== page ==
“I AM now tired of running. Everywhere I went, your people were on me.”
These were the words of Craig Alexander Pininick, a British national suspected to be the principal architect in the 588.33 kilogrammes cocaine case, when he was finally arrested in a neighbouring country last week after a six-month search.
Pinnick, who had been globetrotting to avoid arrest, is said to be among six other accused persons involved in the importation of the narcotic drug. The drug has a street value of $140 million.
The others, Kevin D. Gorman, a 59-year-old American, Mohammed Ibrahim Kamil, a Ghanaian car dealer, David J. Logan, 43, Frank D. Laverick, 43, Alan Hodgson, 45, all Britons, and Sven Herb, 45, a German, are currently on remand at the Nsawam Medium Security Prisons.
Pinnick, who is the owner of Captain's Lodge at the Prampram Beach, allegedly escaped arrest after his gang was busted on January 7, 2004, after two years of intensive investigations into its operations.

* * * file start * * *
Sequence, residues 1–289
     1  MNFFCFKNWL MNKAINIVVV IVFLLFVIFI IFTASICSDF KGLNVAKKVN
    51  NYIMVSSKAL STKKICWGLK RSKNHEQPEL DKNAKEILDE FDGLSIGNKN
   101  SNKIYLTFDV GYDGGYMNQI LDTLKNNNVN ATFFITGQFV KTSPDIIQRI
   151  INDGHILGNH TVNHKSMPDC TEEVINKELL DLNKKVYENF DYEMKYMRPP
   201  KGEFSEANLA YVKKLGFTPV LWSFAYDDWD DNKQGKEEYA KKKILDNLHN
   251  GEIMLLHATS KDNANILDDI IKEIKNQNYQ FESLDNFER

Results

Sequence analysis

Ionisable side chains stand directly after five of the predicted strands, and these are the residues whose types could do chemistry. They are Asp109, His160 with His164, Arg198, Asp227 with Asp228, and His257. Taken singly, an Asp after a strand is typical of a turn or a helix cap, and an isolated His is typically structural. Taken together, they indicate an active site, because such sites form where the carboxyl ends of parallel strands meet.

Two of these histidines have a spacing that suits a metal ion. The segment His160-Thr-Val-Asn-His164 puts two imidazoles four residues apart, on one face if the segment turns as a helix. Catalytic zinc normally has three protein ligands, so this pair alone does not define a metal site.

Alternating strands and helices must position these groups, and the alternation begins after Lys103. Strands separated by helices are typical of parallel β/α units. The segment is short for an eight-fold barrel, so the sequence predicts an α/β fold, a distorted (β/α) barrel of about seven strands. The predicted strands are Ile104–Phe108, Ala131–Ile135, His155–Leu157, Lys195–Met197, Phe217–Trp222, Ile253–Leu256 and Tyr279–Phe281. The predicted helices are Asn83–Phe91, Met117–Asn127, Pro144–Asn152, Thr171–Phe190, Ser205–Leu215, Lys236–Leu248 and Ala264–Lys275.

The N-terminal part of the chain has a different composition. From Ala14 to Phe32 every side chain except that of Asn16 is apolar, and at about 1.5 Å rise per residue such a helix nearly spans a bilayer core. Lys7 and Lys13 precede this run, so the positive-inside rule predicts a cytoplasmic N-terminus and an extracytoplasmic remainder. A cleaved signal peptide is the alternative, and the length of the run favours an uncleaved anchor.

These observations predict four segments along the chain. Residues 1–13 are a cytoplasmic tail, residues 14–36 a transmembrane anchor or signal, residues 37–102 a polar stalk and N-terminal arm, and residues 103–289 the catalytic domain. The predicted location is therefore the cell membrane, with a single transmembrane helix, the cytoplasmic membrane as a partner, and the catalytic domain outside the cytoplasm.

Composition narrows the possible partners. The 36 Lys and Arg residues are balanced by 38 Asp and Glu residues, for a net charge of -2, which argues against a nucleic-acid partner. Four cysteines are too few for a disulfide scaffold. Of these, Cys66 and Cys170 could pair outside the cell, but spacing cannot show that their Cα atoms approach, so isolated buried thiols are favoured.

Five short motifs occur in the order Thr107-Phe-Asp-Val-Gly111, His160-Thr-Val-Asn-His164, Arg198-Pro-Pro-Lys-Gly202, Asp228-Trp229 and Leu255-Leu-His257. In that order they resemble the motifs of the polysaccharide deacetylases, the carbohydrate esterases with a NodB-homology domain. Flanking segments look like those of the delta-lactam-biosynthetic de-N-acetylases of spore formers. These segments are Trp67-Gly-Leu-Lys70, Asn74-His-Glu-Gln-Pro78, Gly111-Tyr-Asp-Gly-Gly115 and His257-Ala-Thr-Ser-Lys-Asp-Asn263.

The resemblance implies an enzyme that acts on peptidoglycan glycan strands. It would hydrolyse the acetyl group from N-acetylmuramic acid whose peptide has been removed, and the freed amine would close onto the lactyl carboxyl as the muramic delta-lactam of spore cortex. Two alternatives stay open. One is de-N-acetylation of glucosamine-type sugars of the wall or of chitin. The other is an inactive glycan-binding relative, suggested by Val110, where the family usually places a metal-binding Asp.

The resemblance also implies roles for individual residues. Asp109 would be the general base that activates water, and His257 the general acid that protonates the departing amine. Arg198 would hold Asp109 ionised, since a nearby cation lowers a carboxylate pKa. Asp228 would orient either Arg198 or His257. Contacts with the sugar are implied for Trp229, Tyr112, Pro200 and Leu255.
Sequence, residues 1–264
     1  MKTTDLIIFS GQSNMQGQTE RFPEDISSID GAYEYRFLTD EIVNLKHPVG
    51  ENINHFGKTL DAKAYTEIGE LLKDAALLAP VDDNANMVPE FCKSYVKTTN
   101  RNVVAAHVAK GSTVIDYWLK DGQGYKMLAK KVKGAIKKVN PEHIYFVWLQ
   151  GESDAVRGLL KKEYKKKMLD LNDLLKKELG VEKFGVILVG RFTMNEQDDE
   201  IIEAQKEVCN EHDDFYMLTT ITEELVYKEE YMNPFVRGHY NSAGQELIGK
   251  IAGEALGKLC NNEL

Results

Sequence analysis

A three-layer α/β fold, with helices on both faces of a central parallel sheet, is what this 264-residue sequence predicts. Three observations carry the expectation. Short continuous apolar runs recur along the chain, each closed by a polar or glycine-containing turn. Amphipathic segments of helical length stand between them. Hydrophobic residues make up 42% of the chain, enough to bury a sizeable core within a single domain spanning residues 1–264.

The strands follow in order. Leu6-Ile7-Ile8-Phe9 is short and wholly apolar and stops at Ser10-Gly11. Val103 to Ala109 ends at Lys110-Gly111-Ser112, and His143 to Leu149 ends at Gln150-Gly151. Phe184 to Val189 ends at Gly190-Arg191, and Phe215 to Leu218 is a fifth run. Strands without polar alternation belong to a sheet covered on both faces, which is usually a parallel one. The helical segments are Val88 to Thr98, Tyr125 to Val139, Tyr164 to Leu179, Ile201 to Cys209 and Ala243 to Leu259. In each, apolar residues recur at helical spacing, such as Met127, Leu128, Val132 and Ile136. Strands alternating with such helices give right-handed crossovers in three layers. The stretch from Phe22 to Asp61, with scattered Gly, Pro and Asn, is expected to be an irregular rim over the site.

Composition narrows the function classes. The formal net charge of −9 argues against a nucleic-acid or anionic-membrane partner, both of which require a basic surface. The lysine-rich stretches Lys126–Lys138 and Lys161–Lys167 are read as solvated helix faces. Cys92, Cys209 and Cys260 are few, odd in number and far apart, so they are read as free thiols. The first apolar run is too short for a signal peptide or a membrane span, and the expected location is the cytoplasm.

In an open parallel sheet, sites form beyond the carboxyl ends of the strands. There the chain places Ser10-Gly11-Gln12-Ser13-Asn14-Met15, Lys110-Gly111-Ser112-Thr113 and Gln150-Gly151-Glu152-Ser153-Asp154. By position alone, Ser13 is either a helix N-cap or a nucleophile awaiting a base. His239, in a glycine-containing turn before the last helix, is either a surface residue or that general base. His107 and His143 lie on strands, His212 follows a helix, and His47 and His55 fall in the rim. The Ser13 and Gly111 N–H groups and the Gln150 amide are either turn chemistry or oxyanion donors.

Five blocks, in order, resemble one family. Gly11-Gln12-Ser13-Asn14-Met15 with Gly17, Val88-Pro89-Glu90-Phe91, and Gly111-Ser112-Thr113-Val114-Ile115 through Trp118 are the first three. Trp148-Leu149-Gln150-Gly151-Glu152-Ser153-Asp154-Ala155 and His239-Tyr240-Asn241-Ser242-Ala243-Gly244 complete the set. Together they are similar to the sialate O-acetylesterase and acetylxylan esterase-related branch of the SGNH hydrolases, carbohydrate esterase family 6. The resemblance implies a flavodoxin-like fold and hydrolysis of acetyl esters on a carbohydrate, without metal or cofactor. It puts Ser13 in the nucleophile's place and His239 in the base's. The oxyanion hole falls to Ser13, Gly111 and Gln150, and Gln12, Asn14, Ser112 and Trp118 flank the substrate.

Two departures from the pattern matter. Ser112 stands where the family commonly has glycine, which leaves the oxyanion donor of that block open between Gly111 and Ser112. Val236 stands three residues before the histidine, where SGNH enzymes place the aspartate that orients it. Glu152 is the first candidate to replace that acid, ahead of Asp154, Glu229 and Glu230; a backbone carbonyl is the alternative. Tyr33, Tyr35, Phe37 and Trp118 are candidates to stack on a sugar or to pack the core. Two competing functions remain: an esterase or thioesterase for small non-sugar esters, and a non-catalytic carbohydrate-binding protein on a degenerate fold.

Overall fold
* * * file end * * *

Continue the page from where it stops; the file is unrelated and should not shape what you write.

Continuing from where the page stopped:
Officials of the Narcotics Control Board at the weekend posted seizure notices on Captain's Lodge.
Pinnick, who first travelled to Togo, moved on to Benin, Britain and France, before his arrest in another West African country which does not want its name to be mentioned.
A highly-placed official at the Narcotics Control Board said since his escape, the board had been collaborating with its external agencies, as well as INTERPOL, to track down the suspect.
It said the suspect left Ghana on March 23, 2004 and had been going round the various countries when he got to know the security agencies were trailing him.
The source said Pinnick and Sven Herb were responsible for carting the cocaine from the high seas to Prampram and later to Tema.
Touching on the seizure notice, the source explained that 30 days after the posting of the notice, the board would apply to the court for its confiscation. It said the suspect was currently in custody, pending trial.